UN chief calls for immediate end to fighting in Ethiopia

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The call comes with Prime Minister Abiy Ahmed who is reportedly on the frontline and people coming to join the army.

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UN Secretary-General Antonio Guterres has called for an immediate end to fighting in Ethiopia, as the United States warned that there was “no military solution” to the African nation’s civil war.

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The calls came after Ethiopian media reported that the country’s prime minister and Nobel Peace Prize laureate Abiy Ahmed was at the forefront of “giving leadership from the battlefield” amid a years-long crisis. High-profile Ethiopian athletes, including Olympic gold medalist and national hero Hailey Gebrselassie, MPs, party and regional leaders, have also pledged to join Ethiopian forces battling rebels in the northern Tigre region, including men from Addis Ababa are.

Speaking in Colombia, Guterres called for an “unconditional and immediate ceasefire”.

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In November 2020, war broke out between Ethiopian federal troops and the Tigre People’s Liberation Front (TPLF) in the country’s Tigre region. In July, conflict spread to two neighboring regions in northern Ethiopia, and rebels are moving toward the capital, Addis Ababa.

Hale, now 48 more retired, said he was forced to join because Ethiopia’s very existence was in danger.

“What will you do when the survival of a country is at stake? You just put everything down,” he told Reuters news agency. “Alas, nothing binds you. I’m sorry!”

“There is no military solution to the conflict in Ethiopia,” a US State Department spokesman said in a statement, adding that diplomacy was “the first, last and only option”.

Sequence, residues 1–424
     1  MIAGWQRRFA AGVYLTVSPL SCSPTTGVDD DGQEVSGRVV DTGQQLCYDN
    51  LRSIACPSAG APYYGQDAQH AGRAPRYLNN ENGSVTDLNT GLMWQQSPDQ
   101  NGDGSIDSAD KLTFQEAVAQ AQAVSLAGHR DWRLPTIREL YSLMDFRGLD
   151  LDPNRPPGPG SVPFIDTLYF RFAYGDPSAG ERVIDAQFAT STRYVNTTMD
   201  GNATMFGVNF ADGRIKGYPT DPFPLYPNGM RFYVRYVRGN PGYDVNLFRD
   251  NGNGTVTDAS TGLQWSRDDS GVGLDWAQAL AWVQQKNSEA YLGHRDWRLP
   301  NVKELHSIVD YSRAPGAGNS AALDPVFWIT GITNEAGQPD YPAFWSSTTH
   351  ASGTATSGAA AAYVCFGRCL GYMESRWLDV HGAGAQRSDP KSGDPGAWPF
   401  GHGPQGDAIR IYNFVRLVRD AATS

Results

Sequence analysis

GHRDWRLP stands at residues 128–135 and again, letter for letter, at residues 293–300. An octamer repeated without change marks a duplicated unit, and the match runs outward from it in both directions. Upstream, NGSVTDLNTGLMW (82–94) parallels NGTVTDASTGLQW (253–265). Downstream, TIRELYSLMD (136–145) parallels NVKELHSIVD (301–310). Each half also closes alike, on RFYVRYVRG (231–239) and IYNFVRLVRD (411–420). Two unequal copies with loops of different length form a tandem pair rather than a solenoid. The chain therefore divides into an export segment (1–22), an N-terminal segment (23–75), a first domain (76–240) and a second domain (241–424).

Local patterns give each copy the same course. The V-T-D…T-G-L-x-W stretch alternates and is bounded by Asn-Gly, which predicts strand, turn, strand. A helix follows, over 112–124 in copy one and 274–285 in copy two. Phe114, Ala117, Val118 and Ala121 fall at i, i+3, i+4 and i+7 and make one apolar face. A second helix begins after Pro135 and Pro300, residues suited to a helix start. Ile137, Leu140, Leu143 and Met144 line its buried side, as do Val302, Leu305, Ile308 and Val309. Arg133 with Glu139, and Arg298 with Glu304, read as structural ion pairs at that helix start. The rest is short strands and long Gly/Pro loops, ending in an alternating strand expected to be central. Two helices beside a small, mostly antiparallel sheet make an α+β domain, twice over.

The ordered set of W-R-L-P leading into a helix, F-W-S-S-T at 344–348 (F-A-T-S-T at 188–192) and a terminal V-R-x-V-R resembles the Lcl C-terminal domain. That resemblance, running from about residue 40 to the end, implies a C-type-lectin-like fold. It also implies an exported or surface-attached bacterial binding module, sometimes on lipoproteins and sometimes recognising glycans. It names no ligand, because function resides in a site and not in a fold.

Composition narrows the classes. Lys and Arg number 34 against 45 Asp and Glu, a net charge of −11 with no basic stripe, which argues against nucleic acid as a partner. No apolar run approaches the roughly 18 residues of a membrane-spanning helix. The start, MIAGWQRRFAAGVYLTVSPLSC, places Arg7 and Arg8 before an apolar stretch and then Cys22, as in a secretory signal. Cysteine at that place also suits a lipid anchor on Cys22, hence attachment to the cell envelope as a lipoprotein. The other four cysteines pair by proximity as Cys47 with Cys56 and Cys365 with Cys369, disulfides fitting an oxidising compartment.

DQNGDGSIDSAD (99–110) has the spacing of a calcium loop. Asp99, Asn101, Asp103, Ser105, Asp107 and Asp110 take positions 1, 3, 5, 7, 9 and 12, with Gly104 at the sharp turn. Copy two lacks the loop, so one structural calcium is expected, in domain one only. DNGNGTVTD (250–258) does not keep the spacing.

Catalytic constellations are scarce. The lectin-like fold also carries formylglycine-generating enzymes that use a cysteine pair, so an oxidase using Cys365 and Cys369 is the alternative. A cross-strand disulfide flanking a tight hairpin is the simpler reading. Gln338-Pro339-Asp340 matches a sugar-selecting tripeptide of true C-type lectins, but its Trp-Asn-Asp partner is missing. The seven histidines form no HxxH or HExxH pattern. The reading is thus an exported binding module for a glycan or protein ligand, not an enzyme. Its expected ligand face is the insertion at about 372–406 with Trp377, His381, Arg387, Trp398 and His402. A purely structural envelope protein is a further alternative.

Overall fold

The statement added that all sides “must refrain from provocative and war-related rhetoric, exercise restraint, respect human rights, allow humanitarian access and protect civilians”.

Ethiopia’s Prime Minister Abiy Ahmed’s promise to lead the front lines of his country’s brutal years-long war has spurred recruitment for the beleaguered armed forces, with officers in Addis Ababa’s Kolph district honoring 1,200 recruits. A function has been organized for Army [Amanuel Sileshi/AFP]

Thousands have been killed and more than two million people have been forcibly evicted from their homes since the start of the conflict and 400,000 are facing famine in Tigre.

Washington’s remarks came a day after the US special envoy for the Horn of Africa reported “nascent progress” towards a diplomatic settlement between the government and the Tigrayan rebels, but warned it would be “dangerous developments” on the ground. There is a danger of eclipse.

The envoy, Jeffrey Feltman, had just returned from Addis Ababa, where he was giving Dalal a push for a ceasefire.

It was unclear where Abiy was actually stationed, and state media did not broadcast images of him on the field.

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